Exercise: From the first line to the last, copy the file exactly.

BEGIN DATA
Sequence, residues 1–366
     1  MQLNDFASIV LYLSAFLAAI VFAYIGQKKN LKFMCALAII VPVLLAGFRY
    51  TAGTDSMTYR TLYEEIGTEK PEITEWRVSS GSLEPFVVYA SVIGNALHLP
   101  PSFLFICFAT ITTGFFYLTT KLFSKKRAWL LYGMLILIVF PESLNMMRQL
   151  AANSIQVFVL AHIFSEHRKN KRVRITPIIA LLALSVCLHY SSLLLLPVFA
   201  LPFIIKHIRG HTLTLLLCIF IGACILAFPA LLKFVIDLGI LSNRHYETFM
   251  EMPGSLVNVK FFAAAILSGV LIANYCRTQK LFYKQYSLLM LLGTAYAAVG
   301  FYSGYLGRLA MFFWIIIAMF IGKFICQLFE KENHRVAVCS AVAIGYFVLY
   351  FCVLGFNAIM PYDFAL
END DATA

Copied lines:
Sequence, residues 1–366
     1  MQLNDFASIV LYLSAFLAAI VFAYIGQKKN LKFMCALAII VPVLLAGFRY
    51  TAGTDSMTYR TLYEEIGTEK PEITEWRVSS GSLEPFVVYA SVIGNALHLP
   101  PSFLFICFAT ITTGFFYLTT KLFSKKRAWL LYGMLILIVF PESLNMMRQL
   151  AANSIQVFVL AHIFSEHRKN KRVRITPIIA LLALSVCLHY SSLLLLPVFA
   201  LPFIIKHIRG HTLTLLLCIF IGACILAFPA LLKFVIDLGI LSNRHYETFM
   251  EMPGSLVNVK FFAAAILSGV LIANYCRTQK LFYKQYSLLM LLGTAYAAVG
   301  FYSGYLGRLA MFFWIIIAMF IGKFICQLFE KENHRVAVCS AVAIGYFVLY
   351  FCVLGFNAIM PYDFAL